Effective Presentations Im 2009

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  • This is not a formal presentation unlike a grand rounds From a discussion at faculty about grand rounds it is a big deal - like a final exam in a class with no other tests important part of being a doctor is knowing how to give presentations
  • Effective Presentations Im 2009

    1. 1. How to Give an Effective Presentation Mary Markland SE Clinical Campus Librarian February 10, 2009
    2. 2. Objectives <ul><li>Learners will be able to: </li></ul><ul><li>Select an appropriate topic and organize a variety of presentation types such as journal club and grand rounds. </li></ul><ul><li>Create effective slides using PowerPoint. </li></ul><ul><li>Use other presentation equipment effectively. </li></ul>
    3. 3. Selecting a Topic <ul><li>Background and knowledge of audience </li></ul><ul><li>Interesting to you </li></ul><ul><li>Read/think about topic to help focus </li></ul><ul><li>Brainstorm </li></ul>
    4. 4. After you’ve picked a topic... <ul><li>Questions to ask yourself </li></ul><ul><ul><li>What do you already know? </li></ul></ul><ul><ul><li>What do you need to find out? </li></ul></ul><ul><ul><li>Are there controversies involved? </li></ul></ul><ul><ul><li>Do you need to include social, statistical, community etc. information as well as medical? </li></ul></ul>
    5. 5. Research <ul><li>Too much or too little information </li></ul><ul><li>Medline search </li></ul><ul><ul><li>Alternative terminology/spelling </li></ul></ul><ul><ul><li>Time frame, age groups </li></ul></ul><ul><li>Ordering articles </li></ul><ul><li>Evaluating information </li></ul><ul><ul><li>relevant, reliable, objective </li></ul></ul>
    6. 6. Research <ul><li>Plagiarism </li></ul><ul><li>“ Plagiarism is taking the writings, ideas or thoughts of others and passing them off as one’s own original work…Plagiarism is not restricted to long quotations; if you quote a sentence or even a memorable phrase without acknowledging it, you are plagiarizing. You can plagiarize without using the exact words of the author; if you paraphrase a passage without crediting it, you are plagiarizing.” Celia Millward’s Handbook for Writers , p. 14 </li></ul>
    7. 7. Bibliographies <ul><li>Importance </li></ul><ul><li>Standard Formats </li></ul><ul><ul><li>AMA Manual of Style </li></ul></ul><ul><ul><li>Edward J. Huth , Medical Style and Format </li></ul></ul>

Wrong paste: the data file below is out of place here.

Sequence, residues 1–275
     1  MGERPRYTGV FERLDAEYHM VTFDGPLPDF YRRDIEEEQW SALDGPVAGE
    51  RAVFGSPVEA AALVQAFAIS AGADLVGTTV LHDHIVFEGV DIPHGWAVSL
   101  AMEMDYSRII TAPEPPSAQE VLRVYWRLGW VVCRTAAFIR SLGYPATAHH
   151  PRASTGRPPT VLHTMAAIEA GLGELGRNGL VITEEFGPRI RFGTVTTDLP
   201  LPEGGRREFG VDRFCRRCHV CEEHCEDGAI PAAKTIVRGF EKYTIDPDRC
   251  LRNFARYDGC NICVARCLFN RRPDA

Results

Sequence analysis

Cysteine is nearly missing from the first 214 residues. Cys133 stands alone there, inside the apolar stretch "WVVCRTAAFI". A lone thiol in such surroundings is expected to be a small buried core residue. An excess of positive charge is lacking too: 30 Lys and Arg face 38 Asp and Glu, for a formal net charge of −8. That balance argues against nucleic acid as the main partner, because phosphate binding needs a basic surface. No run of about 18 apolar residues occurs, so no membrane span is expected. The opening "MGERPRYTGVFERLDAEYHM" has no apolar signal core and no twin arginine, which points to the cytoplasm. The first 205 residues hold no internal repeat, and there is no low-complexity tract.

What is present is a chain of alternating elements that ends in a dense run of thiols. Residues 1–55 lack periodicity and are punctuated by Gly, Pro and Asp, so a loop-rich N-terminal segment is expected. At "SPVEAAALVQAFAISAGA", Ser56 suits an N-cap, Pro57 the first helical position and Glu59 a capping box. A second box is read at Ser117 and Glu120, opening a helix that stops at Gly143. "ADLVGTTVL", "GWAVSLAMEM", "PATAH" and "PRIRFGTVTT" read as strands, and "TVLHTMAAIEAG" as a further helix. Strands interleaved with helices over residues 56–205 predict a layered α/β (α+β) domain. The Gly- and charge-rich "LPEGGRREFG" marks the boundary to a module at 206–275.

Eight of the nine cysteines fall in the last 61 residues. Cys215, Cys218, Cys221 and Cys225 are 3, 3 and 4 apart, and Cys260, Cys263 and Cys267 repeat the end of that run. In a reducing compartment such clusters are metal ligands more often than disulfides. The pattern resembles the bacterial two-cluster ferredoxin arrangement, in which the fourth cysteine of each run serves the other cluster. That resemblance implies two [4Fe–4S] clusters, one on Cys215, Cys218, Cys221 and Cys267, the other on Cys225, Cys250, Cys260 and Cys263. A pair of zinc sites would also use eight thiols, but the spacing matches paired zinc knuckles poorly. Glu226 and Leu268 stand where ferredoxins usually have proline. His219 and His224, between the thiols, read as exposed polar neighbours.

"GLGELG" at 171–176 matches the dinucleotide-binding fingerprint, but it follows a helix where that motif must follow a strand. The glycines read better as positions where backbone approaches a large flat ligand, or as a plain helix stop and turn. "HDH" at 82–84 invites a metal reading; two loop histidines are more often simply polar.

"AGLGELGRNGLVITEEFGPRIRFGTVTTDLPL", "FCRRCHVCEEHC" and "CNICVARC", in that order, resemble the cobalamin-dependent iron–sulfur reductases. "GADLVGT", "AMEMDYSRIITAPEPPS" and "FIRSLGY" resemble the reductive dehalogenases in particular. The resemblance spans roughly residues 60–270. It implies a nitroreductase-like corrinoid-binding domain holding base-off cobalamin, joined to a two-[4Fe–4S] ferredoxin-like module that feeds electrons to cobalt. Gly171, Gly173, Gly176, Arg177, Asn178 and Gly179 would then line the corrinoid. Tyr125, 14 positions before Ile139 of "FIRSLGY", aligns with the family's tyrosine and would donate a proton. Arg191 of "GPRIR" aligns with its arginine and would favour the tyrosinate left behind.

8. 8. Organizing Your Presentation <ul><li>3 Rules </li></ul><ul><ul><li>Have something to say </li></ul></ul><ul><ul><li>Say it clearly </li></ul></ul><ul><ul><li>No amount of technology can help you with Rule #1 </li></ul></ul>
    9. 9. Organizing Your Presentation <ul><li>Introduction </li></ul><ul><ul><li>Tell the audience what you are going to tell them </li></ul></ul><ul><li>Body </li></ul><ul><ul><li>Tell them, give examples in a variety of contexts, let audience participate </li></ul></ul><ul><li>Conclusion </li></ul><ul><ul><li>Tell the audience what you told them </li></ul></ul>
    10. 10. Countdown to the Day <ul><li>PRACTICE </li></ul><ul><ul><li>Know subject thoroughly </li></ul></ul><ul><ul><ul><li>Do not read off the screen </li></ul></ul></ul><ul><ul><ul><li>Use notes, outline as reminders </li></ul></ul></ul><ul><ul><li>Rehearse at least 3 times, no more than 6 </li></ul></ul><ul><ul><ul><li>Aim for planned spontaneity </li></ul></ul></ul><ul><ul><li>Eye Contact </li></ul></ul><ul><ul><li>Remember computers sense fear </li></ul></ul>
    11. 11. PowerPoint <ul><li>Designing Slides </li></ul><ul><ul><li>6 lines/slide </li></ul></ul><ul><ul><li>6 words/line </li></ul></ul><ul><ul><li>18 point minimum size </li></ul></ul><ul><ul><li>No more than 1 or 2 ideas/slide </li></ul></ul><ul><ul><li>Light color on dark background </li></ul></ul><ul><ul><li>Watch out for too many font types </li></ul></ul>
    12. 12. PowerPoint <ul><li>SAVE OFTEN </li></ul><ul><li>Sketch out an outline of your talk before you start designing slides </li></ul><ul><li>Spell Check </li></ul><ul><li>Handouts - Pros and Cons </li></ul>
    13. 13. PowerPoint Skills <ul><li>Templates </li></ul><ul><li>Create a new slide </li></ul><ul><li>Choose the layout </li></ul><ul><li>Sort/rearrange your slides </li></ul><ul><li>How to import a graphic </li></ul><ul><li>Creating a text box </li></ul>
    14. 14. Other Presentation Tools <ul><li>ELMO Projector </li></ul><ul><li>Videos </li></ul><ul><li>DVDS </li></ul><ul><li>Internet </li></ul>
    15. 15. Bibliography <ul><li>Brown, Janet Dagenais. “Power research - who needs it?” Research Strategies . 1997; 15(4): 239-260. </li></ul><ul><li>Grauer, Ken. A short review on how to prepare and deliver a talk . Gainesville, Fla: Family Practice Residency Program. </li></ul><ul><li>Linstrom, Robert L. The how-to’s of powerful presentations . San Diego, Calif: Proxima Corporation; 1996. </li></ul><ul><li>Westberg Jane, Jason Hilliard. Making presentations: a CIS guidebook for health professions teachers . Boulder, Colo: Center for Instructional Support; 1991. </li></ul>

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